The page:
For the first time, the Committee to Protect Journalists has added cyberspace as a category on its yearly risk list, which highlights places where press freedom is on the decline. The CPJ says while violence and repression continue to threaten the work of journalists worldwide, online censorship and surveillance are also starting to affect the flow of information. Mariama Diallo reports.
CPJ's list of countries with the biggest decline in media freedom includes Egypt, Bangladesh, Syria, Ecuador, Liberia, Zambia, Russia, Vietnam and Turkey - where hundreds recently protested against planned new restrictions on the Internet.
“Turkey is the leading jailer of journalists in the world. People have been shot with less leathal rounds and tear-gassed around and sprayed with high-pressure water cannon in the streets in protest of this bill," said Geoffrey King of CPJ.
Geoffrey King is the Internet advocacy coordinator for the CPJ. King says new amendments to Turkey's restrictive Internet law, which the parliament passed Thursday, will make it even worse.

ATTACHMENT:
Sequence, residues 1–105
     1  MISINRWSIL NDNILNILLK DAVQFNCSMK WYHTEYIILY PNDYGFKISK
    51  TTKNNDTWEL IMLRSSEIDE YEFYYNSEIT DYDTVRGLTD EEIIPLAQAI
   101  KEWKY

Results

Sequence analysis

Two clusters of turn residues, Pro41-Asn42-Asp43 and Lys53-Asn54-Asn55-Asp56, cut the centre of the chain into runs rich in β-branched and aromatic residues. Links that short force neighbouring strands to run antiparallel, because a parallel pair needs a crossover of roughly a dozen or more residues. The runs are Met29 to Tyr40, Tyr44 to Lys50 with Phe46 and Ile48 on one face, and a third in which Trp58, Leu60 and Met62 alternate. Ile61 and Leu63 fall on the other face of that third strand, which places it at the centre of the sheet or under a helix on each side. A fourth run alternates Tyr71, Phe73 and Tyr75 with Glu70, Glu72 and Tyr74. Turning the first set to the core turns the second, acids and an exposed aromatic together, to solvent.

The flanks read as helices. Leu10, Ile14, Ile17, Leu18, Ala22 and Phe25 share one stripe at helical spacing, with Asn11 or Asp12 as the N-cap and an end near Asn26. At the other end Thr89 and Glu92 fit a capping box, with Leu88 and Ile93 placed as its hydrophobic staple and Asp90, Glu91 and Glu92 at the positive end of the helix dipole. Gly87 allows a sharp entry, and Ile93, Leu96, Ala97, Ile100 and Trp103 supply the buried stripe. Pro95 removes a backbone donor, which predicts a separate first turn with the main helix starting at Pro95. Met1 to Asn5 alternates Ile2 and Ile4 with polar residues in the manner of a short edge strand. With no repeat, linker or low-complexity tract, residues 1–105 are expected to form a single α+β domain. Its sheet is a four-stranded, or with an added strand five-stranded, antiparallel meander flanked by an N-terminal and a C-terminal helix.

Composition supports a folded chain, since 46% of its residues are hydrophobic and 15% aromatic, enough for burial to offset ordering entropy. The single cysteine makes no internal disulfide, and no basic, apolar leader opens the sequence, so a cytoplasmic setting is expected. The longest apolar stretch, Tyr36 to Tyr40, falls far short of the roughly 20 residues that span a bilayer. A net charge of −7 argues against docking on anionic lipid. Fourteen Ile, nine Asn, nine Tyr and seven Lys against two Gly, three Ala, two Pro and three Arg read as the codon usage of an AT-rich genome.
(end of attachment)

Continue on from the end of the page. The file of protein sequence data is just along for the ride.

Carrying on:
“It would make it much easier for the government to block URLs in some cases without court authorization," he said.
Responding to the CPJ's allegations, Turkish officials told VOA the amendements were made to improve the law and strike a balance between freedom of expression, individual rights and privacy protections.
In Egypt, the CPJ says that, since the military takeover last year, five journalists have been killed, 30 assaulted and 11 news outlets raided. 20 journalists have recently been arrested, including four from Al Jazeera. Anna Therese Day, a freelance journalist, says via Skype that the situation in Egypt today is very different from what it was during the revolution.
“I worked there freely. I worked by myself. I worked with short sleeves on; I didn’t cover my hair most of the time. Now, that would be unheard of for someone like me," said Day.
Day says she left Egypt because it was no longer safe.
Wars remain the biggest threat to journalists' lives, but CPJ warns that governments' efforts to monitor digital communications could become more damaging to their work.
“Not just targeted surveillance of individual suspects but mass surveillance across society in many countries. That’s why it’s cyberspace and not one particular country being named. Different countries do it with varying levels of rule of law and due process, but it’s quickly becoming very easy for governments to spy on their critics," said King.
The CPJ says that recent revelations by former security contractor Edward Snowden about U.S. cyberspace surveillance could chill newsgathering, by frightening away news sources who need to be protected from retribution.